(k+1)T = (k)T H

adjustment 1 to h

P1

P2

P3

P4

P5

P6

P1

0

1/2

1/2

0

0

0

P2

1/6

1/6

1/6

1/6

1/6

1/6

P3

1/3

1/3

0

0

1/3

0

P4

0

0

0

0

1/2

1/2

P5

0

0

0

1/2

0

1/2

P6

0

0

0

1

0

0

Dangling rows

eliminated…

S =

Adjustment 1 to H

A random surfer can randomly “jump” to any page after he encounters a dangling node

S = H + a(1/n eT)

a is called the dangling node vector. ai = 1 if page i is dangling otherwise 0.

adjustment 2 to h

G = S + (1 - ) E , 0    1

E = 1/n eeT is called the teleportation matrix

 is the % of time a user surfs or teleports

G is called the Google Matrix

(k+1)T = (k)T S

Adjustment 2 to H

0  sij  1 not true for S!

A random surfer can randomly “teleport” to any page irrespective of the current page.

finally we have g
Finally we have G!

G = S + (1 - ) E , 0    1

(k+1)T = (k)T G

  • Gis stochastic
  • 0  gij  1 true for G

Therefore the above equation converges for any (0)T

But now G is no longer sparse . In fact it is completely dense!

fortunately

(k+1)T = (k)T G

Fortunately…

G = S + (1 - ) E

= S + (1 - ) 1/n eeT

= (H + 1/n aeT) + (1 - ) 1/n eeT

= H + (a + (1 - ) e) 1/n eT

Therefore:

(k+1)T = (k)T G

=  (k)T H + ( (k)T a + (1 - ) (k)T e ) 1/n eT

=  (k)T H + ( (k)T a + (1 - )) 1/n eT (?)

Now vector multiplications are done on extremely sparse H

importance of

(k+1)T = (k)T G

Importance of 

G = S + (1 - ) E , 0    1

(k+1)T = (k)T G

What  must be chosen?

It can be shown that rate of convergence is the rate at which

k  0

  0, T converges immediately, but completely unrealistic!

  1, Tmay never converge, again unrealistic !

We want  to be as close as possible to 1

0 85 saves the day

(k+1)T = (k)T G

 = 0.85 Saves the Day

G = S + (1 - ) E, 0    1

Brin & Page initially chose  = 0.85, and this is still the value

used by Google

Takes about 50 iterations (3 days) to converge sufficiently

Accuracy is 50= .8550 .000296, which is sufficient for

Google’s needs

importance of teleportation matrix e

(k+1)T = (k)T G

Importance of Teleportation Matrix E

G = S + (1 - ) E

Initially we had E = 1/n eeT

This means that a random surfer can teleport to any web page with equal probability 1/n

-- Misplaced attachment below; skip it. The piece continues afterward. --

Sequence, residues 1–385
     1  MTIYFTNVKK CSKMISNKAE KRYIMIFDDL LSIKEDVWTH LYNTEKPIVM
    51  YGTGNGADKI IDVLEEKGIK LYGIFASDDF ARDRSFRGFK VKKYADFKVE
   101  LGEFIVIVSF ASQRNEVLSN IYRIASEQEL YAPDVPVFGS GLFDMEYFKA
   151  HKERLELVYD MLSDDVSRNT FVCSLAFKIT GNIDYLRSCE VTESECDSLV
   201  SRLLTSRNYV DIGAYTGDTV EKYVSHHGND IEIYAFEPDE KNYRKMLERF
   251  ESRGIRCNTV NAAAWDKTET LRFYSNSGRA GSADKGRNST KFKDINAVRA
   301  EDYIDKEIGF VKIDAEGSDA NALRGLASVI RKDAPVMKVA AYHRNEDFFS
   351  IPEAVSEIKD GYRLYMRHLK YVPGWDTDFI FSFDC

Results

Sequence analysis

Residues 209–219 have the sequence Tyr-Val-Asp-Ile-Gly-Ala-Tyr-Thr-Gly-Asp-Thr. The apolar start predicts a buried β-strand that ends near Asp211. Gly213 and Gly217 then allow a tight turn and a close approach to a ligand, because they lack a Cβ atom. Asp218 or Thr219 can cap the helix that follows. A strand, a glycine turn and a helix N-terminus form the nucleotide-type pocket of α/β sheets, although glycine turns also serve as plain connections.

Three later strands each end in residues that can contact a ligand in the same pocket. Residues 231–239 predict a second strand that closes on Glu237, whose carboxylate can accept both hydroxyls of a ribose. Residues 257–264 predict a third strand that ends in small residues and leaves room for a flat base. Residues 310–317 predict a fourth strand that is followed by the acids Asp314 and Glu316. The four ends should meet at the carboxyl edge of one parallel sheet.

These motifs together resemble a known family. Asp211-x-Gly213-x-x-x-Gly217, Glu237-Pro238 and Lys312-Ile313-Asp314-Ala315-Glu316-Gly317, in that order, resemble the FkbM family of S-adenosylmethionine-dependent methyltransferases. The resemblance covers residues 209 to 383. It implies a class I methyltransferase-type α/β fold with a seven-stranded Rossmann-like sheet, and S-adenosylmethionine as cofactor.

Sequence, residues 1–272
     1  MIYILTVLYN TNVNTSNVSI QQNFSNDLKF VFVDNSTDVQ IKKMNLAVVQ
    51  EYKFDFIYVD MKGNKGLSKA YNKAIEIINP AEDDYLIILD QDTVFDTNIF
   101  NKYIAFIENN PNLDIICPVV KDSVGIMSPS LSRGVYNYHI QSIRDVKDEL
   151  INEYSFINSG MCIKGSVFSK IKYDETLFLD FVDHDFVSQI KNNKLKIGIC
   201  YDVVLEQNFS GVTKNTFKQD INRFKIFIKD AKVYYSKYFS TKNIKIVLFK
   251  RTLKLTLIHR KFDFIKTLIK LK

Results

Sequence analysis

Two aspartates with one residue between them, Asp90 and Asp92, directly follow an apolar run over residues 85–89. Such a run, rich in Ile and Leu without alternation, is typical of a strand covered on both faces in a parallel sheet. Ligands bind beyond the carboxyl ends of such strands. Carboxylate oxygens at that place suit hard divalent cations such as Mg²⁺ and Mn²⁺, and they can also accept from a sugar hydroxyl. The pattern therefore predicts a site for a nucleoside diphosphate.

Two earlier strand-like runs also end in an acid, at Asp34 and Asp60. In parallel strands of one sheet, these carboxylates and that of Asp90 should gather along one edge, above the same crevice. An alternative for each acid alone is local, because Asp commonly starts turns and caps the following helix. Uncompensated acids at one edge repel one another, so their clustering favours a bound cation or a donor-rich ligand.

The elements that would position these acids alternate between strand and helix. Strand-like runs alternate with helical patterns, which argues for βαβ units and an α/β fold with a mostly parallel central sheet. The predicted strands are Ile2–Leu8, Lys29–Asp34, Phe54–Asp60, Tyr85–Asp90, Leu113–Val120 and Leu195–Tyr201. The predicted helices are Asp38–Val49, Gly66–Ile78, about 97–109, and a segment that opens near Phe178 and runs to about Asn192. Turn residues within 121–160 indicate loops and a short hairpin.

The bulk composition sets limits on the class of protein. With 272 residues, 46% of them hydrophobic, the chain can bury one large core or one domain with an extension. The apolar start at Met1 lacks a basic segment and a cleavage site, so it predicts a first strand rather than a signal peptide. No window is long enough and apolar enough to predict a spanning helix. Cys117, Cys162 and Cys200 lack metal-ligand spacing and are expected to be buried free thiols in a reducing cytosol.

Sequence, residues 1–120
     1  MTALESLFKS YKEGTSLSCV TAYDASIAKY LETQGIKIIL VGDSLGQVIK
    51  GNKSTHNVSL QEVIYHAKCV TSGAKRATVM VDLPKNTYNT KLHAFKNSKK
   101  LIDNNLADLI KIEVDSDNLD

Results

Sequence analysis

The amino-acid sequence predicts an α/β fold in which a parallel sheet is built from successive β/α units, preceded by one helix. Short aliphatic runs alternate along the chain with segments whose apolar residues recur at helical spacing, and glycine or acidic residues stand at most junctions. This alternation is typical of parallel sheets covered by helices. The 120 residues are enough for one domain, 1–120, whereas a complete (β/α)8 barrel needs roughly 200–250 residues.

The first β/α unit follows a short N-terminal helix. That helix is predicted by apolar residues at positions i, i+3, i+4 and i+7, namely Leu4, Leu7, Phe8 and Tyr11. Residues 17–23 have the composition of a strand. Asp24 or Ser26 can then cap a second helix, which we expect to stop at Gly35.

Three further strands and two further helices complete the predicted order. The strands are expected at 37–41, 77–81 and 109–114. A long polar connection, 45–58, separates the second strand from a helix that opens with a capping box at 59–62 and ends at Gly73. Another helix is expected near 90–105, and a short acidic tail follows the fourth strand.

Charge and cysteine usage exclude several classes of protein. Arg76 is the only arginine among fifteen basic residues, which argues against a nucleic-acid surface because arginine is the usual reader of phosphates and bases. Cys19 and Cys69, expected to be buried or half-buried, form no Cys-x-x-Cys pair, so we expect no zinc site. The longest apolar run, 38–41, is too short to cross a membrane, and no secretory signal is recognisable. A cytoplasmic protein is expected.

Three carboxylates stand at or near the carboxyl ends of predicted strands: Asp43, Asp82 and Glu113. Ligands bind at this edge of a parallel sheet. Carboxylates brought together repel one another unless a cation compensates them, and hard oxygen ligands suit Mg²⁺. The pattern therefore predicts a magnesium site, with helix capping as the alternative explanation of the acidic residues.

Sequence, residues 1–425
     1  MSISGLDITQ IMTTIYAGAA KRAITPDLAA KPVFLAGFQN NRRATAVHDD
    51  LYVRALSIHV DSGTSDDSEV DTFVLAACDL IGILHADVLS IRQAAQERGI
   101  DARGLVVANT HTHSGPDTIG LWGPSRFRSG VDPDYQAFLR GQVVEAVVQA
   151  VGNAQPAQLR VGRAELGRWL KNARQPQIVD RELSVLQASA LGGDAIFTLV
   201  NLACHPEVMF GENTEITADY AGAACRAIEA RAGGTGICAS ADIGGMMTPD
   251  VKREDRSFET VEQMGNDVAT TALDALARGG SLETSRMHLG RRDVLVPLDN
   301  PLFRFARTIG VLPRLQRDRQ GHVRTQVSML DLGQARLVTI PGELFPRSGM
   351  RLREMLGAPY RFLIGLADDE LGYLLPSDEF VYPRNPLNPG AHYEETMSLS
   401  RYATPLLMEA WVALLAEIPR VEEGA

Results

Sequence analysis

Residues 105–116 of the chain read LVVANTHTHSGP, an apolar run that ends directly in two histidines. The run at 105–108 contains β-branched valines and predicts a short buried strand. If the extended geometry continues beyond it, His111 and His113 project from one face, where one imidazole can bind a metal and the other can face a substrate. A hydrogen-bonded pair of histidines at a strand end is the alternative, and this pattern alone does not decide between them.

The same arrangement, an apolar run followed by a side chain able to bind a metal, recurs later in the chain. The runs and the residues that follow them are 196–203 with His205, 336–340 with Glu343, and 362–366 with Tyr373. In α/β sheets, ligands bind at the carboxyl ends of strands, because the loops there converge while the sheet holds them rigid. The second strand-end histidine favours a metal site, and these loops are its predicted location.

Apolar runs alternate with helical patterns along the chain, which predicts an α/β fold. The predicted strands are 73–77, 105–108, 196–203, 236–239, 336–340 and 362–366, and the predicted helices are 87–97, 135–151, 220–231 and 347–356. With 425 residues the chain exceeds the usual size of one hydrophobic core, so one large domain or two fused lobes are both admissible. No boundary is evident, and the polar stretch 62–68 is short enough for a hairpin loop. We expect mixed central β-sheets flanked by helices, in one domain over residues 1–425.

Instead of 1/n eeT use evT , where vTis the

personalization or teleportation vector.

vT is used to counter-act link farms (like SearchKing.com)

issue sensitivity of pagerank

(k+1)T = (k)T G

Issue: Sensitivity of PageRank

It can be shown that:

1

d (k)T

d 

1 - 

as   1, 1/(1- ) 

So, PageRank is quite sensitive to small changes in the web.

Google computes PageRank from scratch every month!

Can we compute i+1 from i without computing i+1 from scratch?

issue pagerank is query independent

(k+1)T = (k)T G

Issue: PageRank is Query Independent!
  • PageRank is pre-computed.
  • It means that to be better linked is more important than to contain the search terms
  • This is significant because a badly linked page, might be popular within the community of pages with the same topic

A rosy idea: Is it feasible to compute PageRank after the relevant

documents have been retrieved?

issue pagerank is dead

(k+1)T = (k)T G

Issue: PageRank is Dead!

Not for now, but is susceptible to a lot of damage:

  • PageRank is based upon an ideal democratic structure of the web
  • But hackers, spammers and SEO’s know too much about Google to skew the rankings
  • Typical examples are Link Farms and Google Bombs.
    • Bloggers created a bomb where if you typed “miserable failure” then Google would take you to www.whitehouse.gov!

How can we detect and fight Rank Skewing?

references
References
  • The size of the World Wide Web, May 2007.

http://www.pandia.com/sew/383-web-size.html.

  • Search Engines Worldwide, Jan 2003. http://home.inter.net/takakuwa/search/search.html .
  • Langville and Meyer. Google’s PageRank and Beyond. Princeton University Press, 2006.
  • Brin and Page. The Anatomy of a Large-scale Hypertextual Web Search Engine. Computer Networks and ISDN Systems, 1998.